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To acquire wisdom, one must observe

The peculiarity of undergrad

In a recent conversation with a beloved professor of mine, I asked “Why are you answering emails at 11 p.m.? What are you, an undergraduate?” Now mostly I was being cheeky at the fact that my very-much-past-undergraduate-aged professor was answering emails way past times ordinary laborers consider ‘working hours’; yet I think that, beneath the surface, my question got at something noteworthy—the character of the undergraduate experience. 

 

Undergrad is a truly unique experience. Think about it: the average undergrad spends four years learning, crying, stressing, growing, laughing, partying, spiraling, falling in and out of love, enduring, throwing up, missing home, replying to emails in the wee-small hours of the morning and night and making new connections while severing old ones, all within the same few thousand square feet of a campus. Unless said undergraduate attends New York University  (NYU), in which case, the undergraduate does all the above in the borough of Manhattan—but I digress. 

 

I do not think we spend enough time nor brain power truly appreciating how unique this experience is. I think that such an experience is acutely enhanced on a small campus, such as Brandeis, in a small college town, being Waltham, as all our life is utterly consumed by this place—for better or worse. Sure, many of us travel home during breaks, some spend summers out of state and many choose to study abroad for a semester or a whole year. Yet, the nature of the undergraduate—the modes of thinking and being—transcend the physicality of Waltham, Massachusetts.

 

What I am getting at is that undergrad is a completely unique period of life. Now, obviously, this can be said for most, if not all, periods of life, as each can be categorized through its differentiation from the rest. However, I think undergrad’s effect on our habits, the kind of creatures it turns us into and the profound effect it often has on the trajectory of our lives makes the period particularly distinct. 

 

I think it all starts at the beginning. For many, though importantly, not all, undergrad marks the first time one truly leaves home. You know the old phrase, one “leaves the nest” when they go gallivanting off to college. This is no small feat, especially given how many students here were raised by nice Jewish mothers who poked, prodded and/or pampered them throughout the last 18 years of life. Even for those who did not have such upbringings, of which I am one (though my mother is indeed Jewish, she is also an Israeli, and that makes all the difference), leaving home for the first time is jarring. Even if it is not ‘hard,’ leaving home and being semi-independent; being wholly responsible for you, your relationships and your unexpected trips to the pharmacy or a local office of the Department of Homeland Security is something which takes some time to adjust to for most. Even for those who were expected to be independent from a young age, things come up, shit happens, you cannot predict all the bumps in the road.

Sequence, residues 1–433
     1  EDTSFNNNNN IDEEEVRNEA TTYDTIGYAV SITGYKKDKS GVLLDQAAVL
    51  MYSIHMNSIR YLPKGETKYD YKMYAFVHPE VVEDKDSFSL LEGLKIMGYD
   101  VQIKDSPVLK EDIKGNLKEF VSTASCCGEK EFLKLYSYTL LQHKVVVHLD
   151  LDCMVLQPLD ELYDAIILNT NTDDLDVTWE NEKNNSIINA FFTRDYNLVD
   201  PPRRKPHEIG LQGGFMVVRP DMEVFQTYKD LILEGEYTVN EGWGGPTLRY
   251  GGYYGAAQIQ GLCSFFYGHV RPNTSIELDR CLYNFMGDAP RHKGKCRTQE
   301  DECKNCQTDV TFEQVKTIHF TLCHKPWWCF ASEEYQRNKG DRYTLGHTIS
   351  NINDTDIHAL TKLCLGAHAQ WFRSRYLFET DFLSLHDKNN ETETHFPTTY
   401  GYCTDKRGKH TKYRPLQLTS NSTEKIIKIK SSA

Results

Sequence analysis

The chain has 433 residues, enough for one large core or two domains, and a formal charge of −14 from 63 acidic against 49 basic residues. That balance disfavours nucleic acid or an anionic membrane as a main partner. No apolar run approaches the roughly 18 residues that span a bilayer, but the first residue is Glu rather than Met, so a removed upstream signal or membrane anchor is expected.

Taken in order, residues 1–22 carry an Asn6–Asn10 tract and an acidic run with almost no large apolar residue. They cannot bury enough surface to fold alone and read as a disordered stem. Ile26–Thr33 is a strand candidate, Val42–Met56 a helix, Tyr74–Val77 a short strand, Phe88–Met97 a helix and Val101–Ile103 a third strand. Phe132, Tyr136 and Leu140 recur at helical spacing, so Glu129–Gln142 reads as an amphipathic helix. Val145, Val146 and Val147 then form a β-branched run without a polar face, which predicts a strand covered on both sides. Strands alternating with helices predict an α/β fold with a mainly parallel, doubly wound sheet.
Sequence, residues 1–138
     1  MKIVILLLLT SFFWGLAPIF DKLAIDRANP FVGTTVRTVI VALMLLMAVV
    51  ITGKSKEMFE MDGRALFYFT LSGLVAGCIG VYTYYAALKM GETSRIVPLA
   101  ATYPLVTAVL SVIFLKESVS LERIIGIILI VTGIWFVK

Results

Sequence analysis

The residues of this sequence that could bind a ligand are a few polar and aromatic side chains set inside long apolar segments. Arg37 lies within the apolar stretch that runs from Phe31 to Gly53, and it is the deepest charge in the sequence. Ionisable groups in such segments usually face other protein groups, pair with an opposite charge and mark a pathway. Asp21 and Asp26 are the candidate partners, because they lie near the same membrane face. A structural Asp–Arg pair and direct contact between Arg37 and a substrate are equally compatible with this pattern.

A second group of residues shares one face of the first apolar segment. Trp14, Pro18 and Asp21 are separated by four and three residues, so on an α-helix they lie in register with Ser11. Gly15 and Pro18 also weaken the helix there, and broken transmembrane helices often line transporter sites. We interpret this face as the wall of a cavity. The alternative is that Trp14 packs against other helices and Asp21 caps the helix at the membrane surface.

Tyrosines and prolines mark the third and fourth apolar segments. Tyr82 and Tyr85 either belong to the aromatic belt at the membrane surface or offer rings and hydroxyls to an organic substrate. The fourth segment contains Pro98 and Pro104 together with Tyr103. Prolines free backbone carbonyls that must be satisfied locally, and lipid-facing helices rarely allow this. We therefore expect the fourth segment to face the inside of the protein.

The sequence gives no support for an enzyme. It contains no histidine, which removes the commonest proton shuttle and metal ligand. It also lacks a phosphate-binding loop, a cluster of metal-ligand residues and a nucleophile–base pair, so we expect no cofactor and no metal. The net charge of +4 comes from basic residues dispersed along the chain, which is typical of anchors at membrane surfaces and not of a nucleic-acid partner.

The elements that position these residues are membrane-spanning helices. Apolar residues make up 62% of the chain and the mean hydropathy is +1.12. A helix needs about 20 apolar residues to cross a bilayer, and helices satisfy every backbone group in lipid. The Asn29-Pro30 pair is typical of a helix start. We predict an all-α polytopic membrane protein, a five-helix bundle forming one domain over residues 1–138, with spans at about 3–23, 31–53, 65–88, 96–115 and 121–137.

The experience only gets more exceptional from there. For instance, housing? Try and name one other period in life when most people are expected to live with another human being(s)—whose personality, background and habits they are completely unaware of—for nine months. Exactly. 

Although, in the ways I have just discussed, undergrad necessitates that one makes some kind of a jump from nearly holistic dependence on their parents to some degree of self-sufficiency, private universities in the States lend most students an incredible amount of freedom from adult life. Many students do not yet have relationships that demand serious tradeoffs (no, the so-called “love of your life” which you began seeing four months ago does not count); many do not pay rent at all, or if they choose do so, it is not until their third or fourth year (which is often partly subsidized or paid for entirely by their parents); finally, the major-track often provides just enough structure for a student to graduate within the standard four years but also provides one with the flexibility to take classes which simply stir curiosity. Obviously, I have taken the liberty to make some generalizations here, but you get the gist.